Transitions to sustainability: A change in thinking about food systems change?

C. Clare Hinrichs

Research output: Contribution to journalArticlepeer-review

200 Scopus citations


In the present context of intertwined and intensifying economic, environmental and climate challenges and crisis, we need to enlarge our thinking about food systems change. One way to do so is by considering intersections between our longstanding interdisciplinary interest in food and agriculture and new scholarship and practice centered on transitions to sustainability. The general idea of transition references change in a wide range of fields and contexts, and has gained prominence most recently as a way to discuss and address sustainability challenges. To explore connections to food systems change, I highlight two broad approaches in the sustainability transitions research field. First is a multi-level perspective that examines sustainability innovation pathways and second is a social practices approach that illuminates the possibilities (or not) for shifts in normal everyday routines and practices. Taken together, these approaches offer different and useful ways to think about the dynamics, durability and significance of innovations in food and agriculture, and the part they play in transitions to sustainability. Numerous opportunities exist to forge more productive links between work on food systems change and the broad and growing sustainability transitions field. First, our research and practice insights about the importance of politics, governance, values and ethics in food and agriculture could help to strengthen the sustainability transitions field, which initially underplayed such questions. Second, the sustainability transitions field’s implicit systems sensibility and its futures orientation could help to widen the scope of inquiry and the contribution to policy and planning of research and practice on food systems change.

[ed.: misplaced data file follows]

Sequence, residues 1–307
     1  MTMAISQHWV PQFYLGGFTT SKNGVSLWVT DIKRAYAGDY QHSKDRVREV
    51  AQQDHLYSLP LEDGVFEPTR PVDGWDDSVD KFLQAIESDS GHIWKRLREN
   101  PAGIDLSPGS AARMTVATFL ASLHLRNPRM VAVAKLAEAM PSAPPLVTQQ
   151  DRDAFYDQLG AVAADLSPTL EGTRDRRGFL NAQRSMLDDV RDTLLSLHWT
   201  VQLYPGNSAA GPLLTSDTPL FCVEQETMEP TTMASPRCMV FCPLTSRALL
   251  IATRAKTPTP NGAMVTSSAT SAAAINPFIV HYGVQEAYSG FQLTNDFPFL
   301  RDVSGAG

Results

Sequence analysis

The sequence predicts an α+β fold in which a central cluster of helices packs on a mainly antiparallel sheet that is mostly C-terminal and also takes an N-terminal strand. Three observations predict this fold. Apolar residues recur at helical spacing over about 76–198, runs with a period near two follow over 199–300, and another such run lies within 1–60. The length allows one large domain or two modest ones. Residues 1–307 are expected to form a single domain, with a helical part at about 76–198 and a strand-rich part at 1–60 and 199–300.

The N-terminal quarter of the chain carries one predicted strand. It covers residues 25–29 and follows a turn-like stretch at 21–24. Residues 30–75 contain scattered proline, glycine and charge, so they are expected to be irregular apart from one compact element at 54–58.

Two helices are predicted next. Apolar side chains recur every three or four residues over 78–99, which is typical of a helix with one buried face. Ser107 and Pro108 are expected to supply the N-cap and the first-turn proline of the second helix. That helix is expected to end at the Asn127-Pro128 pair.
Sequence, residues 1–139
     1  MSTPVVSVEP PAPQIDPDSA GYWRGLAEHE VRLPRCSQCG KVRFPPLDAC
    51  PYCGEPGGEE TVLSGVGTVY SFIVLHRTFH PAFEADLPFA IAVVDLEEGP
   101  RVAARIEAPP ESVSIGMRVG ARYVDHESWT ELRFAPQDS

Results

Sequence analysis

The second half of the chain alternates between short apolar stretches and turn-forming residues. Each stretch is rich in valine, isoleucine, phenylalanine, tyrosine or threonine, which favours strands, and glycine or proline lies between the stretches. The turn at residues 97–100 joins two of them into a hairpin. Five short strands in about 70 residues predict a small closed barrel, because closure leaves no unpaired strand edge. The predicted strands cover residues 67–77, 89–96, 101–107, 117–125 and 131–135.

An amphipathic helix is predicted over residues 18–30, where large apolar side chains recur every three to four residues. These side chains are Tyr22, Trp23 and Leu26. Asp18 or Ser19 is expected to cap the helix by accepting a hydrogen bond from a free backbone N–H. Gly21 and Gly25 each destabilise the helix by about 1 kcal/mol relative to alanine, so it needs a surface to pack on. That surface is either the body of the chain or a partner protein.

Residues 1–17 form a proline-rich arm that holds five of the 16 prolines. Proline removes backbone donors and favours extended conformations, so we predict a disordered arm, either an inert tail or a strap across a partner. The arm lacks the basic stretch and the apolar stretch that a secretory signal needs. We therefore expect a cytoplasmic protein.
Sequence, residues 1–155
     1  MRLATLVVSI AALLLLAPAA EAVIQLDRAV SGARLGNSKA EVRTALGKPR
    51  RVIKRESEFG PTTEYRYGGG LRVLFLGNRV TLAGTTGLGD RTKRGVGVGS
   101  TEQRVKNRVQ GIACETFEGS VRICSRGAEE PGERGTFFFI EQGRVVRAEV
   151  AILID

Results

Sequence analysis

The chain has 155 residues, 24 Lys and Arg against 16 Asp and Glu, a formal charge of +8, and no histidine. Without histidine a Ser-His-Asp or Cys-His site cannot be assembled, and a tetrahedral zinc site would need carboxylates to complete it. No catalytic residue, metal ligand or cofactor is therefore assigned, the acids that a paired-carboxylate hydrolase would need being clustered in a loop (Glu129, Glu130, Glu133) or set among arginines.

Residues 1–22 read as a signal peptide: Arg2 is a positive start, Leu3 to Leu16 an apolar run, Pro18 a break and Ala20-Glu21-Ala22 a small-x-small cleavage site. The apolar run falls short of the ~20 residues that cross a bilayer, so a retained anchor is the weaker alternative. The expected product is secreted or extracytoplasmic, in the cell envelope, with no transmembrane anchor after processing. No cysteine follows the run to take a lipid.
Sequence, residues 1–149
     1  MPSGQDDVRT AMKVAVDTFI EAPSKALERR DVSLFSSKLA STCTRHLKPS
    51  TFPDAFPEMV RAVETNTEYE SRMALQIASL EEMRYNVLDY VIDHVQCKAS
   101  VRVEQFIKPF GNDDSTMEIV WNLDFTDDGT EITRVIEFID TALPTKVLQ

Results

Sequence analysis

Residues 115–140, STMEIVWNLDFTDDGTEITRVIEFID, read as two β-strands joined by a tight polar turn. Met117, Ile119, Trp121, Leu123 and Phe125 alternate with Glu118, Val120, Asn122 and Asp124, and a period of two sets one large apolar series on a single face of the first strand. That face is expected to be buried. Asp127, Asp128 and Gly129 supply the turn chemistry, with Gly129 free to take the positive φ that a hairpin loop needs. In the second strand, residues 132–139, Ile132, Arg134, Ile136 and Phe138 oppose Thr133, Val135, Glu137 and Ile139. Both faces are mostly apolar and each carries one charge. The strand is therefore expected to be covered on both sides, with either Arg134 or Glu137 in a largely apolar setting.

Original languageEnglish (US)
Pages (from-to)143-155
Number of pages13
JournalAgriculture and Human Values
Issue number1
StatePublished - Feb 4 2014

All Science Journal Classification (ASJC) codes

  • Agronomy and Crop Science


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